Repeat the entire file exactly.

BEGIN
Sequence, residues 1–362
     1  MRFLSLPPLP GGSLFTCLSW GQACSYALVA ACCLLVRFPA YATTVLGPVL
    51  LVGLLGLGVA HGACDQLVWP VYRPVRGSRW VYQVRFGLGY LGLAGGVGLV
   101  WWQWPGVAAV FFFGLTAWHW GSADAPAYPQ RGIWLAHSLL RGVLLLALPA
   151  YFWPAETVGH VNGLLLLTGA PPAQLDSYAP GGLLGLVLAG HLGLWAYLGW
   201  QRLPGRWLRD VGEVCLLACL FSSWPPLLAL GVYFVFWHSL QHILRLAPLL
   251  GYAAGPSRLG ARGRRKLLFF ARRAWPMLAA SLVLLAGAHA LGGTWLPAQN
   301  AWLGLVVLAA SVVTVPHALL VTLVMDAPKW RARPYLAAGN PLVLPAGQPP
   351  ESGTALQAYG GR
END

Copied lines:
Sequence, residues 1–362
     1  MRFLSLPPLP GGSLFTCLSW GQACSYALVA ACCLLVRFPA YATTVLGPVL
    51  LVGLLGLGVA HGACDQLVWP VYRPVRGSRW VYQVRFGLGY LGLAGGVGLV
   101  WWQWPGVAAV FFFGLTAWHW GSADAPAYPQ RGIWLAHSLL RGVLLLALPA
   151  YFWPAETVGH VNGLLLLTGA PPAQLDSYAP GGLLGLVLAG HLGLWAYLGW
   201  QRLPGRWLRD VGEVCLLACL FSSWPPLLAL GVYFVFWHSL QHILRLAPLL
   251  GYAAGPSRLG ARGRRKLLFF ARRAWPMLAA SLVLLAGAHA LGGTWLPAQN
   301  AWLGLVVLAA SVVTVPHALL VTLVMDAPKW RARPYLAAGN PLVLPAGQPP
   351  ESGTALQAYG GR